Psalm 107:17



Verse 17. Fools because of their transgression, and because of their iniquities, are afflicted. Many sicknesses are the direct result of foolish acts. Thoughtless and lustful men by drunkenness, gluttony, and the indulgence of their passions fill their bodies with diseases of the worst kind. Sin is at the bottom of all sorrow, but some sorrows are the immediate results of wickedness: men by a course of transgression afflict themselves and are fools for their pains. Worse still, even when they are in affliction they are fools still; and if they were brayed in a mortar among wheat with a pestle, yet would not their folly depart from them. From one transgression they go on to many iniquities, and while under the rod they add sin to sin. Alas, even the Lord's own people sometimes play the fool in this sad manner.



Verse 17. Fools. There is nothing more foolish than an act of wickedness; there is no wisdom equal to that of obeying God. --Albert Barnes.

Verse 17-20. Fools because of their transgression, and because of their iniquities, are afflicted. Their soul abhorreth all manner of meat (they are so sick that they can relish, take down nothing,) and they draw near unto the gates of death, they are almost in, they were on the brink of hell; what course must be used for their cure? Truly this, He sent his word, and healed them, and delivered them from their destructions. No herb in the garden of the whole world can do these distressed creatures the least good. Friends may speak, and ministers may speak, yea, angels may speak, and all in vain; the wounds are incurable for all their words; but if God please to speak, the dying soul revives. This word is the only balm that can cure the wounded conscience: he sendeth his word and healeth them. Conscience is God's prisoner, he claps it in hold, he layeth it in fetters, that the iron enters the very soul; this he doth by his word, and truly he only who shuts up can let out; all the world cannot open the iron gate, knock off the shackles, and set the poor prisoner at liberty, till God speak the word. --George Swinnock, 1627-1673.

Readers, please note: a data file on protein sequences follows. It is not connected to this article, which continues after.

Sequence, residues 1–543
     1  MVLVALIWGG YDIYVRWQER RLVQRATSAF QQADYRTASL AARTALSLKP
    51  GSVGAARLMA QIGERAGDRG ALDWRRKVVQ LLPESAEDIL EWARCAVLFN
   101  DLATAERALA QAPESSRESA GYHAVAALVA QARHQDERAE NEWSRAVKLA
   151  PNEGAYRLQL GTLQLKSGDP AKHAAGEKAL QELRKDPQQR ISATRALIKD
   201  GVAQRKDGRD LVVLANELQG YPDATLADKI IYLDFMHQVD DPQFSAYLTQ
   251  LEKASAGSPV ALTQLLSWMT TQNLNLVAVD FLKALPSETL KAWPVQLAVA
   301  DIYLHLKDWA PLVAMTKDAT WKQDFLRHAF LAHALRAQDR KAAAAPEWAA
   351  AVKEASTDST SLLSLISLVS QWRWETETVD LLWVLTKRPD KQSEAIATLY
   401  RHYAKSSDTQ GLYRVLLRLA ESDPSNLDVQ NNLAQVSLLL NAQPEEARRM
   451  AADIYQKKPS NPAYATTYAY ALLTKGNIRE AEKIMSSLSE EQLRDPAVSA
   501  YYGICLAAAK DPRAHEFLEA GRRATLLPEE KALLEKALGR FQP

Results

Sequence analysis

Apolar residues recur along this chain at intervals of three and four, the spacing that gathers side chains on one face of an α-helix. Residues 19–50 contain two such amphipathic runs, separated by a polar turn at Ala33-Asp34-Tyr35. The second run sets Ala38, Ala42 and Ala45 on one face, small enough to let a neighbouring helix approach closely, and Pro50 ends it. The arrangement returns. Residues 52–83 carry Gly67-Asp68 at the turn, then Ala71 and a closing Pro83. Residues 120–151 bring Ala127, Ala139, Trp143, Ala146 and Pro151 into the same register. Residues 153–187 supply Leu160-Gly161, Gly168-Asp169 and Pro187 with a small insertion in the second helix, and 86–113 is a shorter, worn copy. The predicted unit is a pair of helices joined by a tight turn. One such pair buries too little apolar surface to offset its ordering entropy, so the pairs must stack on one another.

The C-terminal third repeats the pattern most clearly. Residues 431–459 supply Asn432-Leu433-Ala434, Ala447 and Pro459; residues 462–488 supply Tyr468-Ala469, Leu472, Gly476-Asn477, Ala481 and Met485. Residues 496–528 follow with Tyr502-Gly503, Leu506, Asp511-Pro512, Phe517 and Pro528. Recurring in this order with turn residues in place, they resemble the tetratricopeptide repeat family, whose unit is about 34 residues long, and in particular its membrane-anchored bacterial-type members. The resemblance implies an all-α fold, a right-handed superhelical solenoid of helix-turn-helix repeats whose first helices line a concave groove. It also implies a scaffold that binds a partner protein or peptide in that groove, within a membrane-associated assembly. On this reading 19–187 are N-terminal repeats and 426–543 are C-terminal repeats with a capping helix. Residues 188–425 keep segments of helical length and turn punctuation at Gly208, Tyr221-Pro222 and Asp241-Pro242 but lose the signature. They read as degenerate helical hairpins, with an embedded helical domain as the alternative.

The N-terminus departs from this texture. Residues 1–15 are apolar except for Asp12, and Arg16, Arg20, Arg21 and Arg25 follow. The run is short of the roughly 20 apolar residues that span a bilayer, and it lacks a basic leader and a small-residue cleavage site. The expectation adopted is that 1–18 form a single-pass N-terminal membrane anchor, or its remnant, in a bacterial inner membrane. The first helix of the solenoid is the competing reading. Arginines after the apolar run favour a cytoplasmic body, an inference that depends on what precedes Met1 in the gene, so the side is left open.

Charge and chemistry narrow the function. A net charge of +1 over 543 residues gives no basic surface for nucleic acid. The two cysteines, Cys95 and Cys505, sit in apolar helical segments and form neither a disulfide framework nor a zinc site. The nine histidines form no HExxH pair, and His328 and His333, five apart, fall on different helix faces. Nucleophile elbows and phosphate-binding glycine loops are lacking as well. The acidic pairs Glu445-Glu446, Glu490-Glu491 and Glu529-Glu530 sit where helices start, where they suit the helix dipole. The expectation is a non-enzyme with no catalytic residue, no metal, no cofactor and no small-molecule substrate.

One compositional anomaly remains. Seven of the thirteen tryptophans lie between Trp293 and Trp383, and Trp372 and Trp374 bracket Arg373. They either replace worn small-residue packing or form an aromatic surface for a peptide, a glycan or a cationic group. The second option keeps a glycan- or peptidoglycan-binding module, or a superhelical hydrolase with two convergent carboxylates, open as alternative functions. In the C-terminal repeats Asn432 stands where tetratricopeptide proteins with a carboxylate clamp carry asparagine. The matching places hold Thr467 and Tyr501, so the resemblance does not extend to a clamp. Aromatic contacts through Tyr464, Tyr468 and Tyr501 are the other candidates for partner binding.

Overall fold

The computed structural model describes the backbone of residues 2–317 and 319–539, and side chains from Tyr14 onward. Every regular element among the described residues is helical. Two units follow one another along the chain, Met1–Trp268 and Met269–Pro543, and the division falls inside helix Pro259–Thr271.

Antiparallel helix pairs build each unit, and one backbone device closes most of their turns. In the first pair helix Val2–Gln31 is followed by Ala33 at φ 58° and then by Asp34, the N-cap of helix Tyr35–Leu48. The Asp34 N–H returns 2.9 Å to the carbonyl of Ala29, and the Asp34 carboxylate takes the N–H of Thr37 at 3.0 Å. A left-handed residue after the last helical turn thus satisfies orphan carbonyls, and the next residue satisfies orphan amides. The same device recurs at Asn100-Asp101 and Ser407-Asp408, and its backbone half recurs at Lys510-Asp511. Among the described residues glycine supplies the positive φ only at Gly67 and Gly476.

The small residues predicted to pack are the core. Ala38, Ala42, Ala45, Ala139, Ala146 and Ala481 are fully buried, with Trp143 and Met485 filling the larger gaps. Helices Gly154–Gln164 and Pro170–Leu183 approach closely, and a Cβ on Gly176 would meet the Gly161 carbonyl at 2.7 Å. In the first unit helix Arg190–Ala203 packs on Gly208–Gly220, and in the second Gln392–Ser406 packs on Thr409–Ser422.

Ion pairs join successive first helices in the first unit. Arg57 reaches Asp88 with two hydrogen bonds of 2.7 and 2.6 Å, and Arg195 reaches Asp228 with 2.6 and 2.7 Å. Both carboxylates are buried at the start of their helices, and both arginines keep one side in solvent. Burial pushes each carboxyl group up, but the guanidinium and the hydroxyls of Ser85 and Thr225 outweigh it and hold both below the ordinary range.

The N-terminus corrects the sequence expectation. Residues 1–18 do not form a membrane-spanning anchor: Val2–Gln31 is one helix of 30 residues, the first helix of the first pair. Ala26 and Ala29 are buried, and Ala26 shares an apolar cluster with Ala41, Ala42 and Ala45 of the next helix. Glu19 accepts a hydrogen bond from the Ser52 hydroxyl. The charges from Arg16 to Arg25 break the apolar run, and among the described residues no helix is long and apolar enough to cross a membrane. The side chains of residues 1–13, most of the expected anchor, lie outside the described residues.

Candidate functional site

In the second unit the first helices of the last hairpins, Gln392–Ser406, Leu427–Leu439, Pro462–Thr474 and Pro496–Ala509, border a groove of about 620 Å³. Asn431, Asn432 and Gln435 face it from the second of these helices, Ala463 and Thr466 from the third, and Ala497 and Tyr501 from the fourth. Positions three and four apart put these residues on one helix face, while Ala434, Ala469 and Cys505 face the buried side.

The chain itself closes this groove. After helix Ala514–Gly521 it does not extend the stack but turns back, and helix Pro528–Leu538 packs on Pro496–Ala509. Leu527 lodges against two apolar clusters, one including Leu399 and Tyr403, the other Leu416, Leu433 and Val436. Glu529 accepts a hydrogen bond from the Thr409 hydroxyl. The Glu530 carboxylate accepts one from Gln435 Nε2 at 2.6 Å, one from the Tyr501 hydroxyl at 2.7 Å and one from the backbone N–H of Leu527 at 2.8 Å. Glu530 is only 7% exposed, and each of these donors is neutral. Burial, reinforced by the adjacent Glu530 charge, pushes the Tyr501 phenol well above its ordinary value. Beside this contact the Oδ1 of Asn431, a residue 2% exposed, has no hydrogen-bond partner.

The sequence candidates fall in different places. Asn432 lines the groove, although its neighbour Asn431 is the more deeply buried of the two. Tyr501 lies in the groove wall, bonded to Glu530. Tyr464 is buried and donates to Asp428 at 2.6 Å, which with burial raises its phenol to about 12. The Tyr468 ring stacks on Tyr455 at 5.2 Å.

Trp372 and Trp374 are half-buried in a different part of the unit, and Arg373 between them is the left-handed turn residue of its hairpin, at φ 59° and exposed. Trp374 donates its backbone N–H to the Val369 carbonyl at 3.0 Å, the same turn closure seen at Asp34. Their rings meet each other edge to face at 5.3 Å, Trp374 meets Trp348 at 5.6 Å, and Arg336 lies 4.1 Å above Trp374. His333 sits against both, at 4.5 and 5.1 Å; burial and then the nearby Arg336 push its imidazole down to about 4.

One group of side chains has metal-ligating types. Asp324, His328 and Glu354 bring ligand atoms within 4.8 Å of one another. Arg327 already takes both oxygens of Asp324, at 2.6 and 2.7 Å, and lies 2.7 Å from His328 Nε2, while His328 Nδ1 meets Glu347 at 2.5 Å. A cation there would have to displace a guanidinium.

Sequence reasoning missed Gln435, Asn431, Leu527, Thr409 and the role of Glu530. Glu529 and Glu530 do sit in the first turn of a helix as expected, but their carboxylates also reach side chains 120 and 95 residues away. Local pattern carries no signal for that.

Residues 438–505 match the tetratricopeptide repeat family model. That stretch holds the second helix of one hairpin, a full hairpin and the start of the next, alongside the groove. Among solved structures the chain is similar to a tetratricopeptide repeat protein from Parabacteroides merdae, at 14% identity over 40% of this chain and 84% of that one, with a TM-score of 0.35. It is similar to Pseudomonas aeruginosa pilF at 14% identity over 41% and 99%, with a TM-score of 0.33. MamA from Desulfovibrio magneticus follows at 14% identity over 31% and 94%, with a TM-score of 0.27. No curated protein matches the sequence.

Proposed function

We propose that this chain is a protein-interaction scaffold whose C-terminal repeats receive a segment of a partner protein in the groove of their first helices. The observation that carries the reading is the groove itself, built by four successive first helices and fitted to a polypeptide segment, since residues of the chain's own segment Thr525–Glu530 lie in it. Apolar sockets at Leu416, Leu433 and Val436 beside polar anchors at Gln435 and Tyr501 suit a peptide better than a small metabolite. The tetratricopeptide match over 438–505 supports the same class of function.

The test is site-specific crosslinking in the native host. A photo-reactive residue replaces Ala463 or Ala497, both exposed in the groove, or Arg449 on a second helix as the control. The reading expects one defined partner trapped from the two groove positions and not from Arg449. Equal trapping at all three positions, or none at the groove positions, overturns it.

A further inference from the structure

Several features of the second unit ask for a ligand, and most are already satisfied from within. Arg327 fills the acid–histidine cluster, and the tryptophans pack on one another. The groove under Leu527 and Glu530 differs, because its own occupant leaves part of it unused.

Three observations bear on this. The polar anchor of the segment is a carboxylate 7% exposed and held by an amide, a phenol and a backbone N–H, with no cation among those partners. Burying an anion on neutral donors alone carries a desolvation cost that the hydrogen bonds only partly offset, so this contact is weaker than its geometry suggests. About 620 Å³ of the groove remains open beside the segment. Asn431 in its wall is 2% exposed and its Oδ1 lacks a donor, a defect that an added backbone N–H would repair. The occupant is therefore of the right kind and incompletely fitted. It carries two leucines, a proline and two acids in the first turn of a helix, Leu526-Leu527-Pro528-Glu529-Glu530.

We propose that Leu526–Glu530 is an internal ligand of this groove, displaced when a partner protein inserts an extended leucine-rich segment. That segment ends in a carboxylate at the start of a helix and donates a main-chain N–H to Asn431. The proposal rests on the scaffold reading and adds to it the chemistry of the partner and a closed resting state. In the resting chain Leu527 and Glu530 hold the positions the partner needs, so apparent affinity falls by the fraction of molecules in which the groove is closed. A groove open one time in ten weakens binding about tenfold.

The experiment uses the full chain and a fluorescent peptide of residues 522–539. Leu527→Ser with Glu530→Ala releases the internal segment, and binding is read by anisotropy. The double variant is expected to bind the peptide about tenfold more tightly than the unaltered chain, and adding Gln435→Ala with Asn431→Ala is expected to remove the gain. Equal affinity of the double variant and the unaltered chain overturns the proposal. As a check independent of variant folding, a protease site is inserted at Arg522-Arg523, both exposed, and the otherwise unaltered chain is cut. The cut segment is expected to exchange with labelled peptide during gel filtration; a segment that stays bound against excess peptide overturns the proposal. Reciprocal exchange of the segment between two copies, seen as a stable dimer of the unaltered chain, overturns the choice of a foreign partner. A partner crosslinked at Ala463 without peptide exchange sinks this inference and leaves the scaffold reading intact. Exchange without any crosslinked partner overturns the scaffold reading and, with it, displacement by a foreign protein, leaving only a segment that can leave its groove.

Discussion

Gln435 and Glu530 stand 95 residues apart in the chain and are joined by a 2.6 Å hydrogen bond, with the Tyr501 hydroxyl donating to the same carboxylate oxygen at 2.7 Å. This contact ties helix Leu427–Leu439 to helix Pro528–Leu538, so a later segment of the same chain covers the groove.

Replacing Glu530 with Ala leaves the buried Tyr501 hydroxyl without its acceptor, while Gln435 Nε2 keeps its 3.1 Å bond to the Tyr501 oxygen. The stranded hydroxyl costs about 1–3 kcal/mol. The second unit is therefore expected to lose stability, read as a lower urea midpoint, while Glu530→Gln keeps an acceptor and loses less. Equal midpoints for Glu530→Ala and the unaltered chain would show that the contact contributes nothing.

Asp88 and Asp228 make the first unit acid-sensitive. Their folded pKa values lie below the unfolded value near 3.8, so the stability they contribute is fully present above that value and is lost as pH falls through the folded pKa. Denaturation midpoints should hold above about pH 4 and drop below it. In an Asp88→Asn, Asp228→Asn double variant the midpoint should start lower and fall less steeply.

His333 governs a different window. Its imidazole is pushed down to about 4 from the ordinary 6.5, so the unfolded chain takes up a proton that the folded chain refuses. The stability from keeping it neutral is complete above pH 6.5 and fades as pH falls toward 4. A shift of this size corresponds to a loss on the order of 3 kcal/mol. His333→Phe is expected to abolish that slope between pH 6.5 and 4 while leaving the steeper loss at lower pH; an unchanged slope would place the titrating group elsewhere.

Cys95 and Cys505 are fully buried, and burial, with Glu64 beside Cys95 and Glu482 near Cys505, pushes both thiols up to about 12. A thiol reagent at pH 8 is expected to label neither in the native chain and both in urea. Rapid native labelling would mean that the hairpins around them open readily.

Verse 17., etc. A Rescue from Death, with a Return of Praise. --R. Sibbes' Works, Vol. 51; Nichol's edition.

Verse 17-21.

  1. The distress of the sick.
  2. Their cure by the Great Physician.
  3. Their grateful behaviour to him.

--W. Romaine.

Verse 17-22. A Visit to Christ's Hospital.

  1. The names and characters of the patients -- "fools"; all sinners are fools.
  2. The cause of their pains and afflictions -- "because of their transgressions", etc.
  3. The progress of the disease -- "their soul abhorreth all manner of meat"; and, "they draw near onto the gates of death."
  4. The interposition of the physician -- "then they cry", etc., Ver. 19-20.

    1. Note, when the physician comes in -- when "they cry", etc.
    2. The kind of prayer -- a cry.
    3. What the physician did -- "saved", "healed", "delivered."
    4. How this was effected -- "He sent his word", etc.
  5. The consequent conduct of those who were healed; they praised God for his goodness. They added sacrifice to this praise, Psalms 107:22 . In addition to sacrifice the healed ones began to offer songs -- "sacrifice of thanksgiving." They added a declaration of joy -- "Let them declare his works with rejoicing."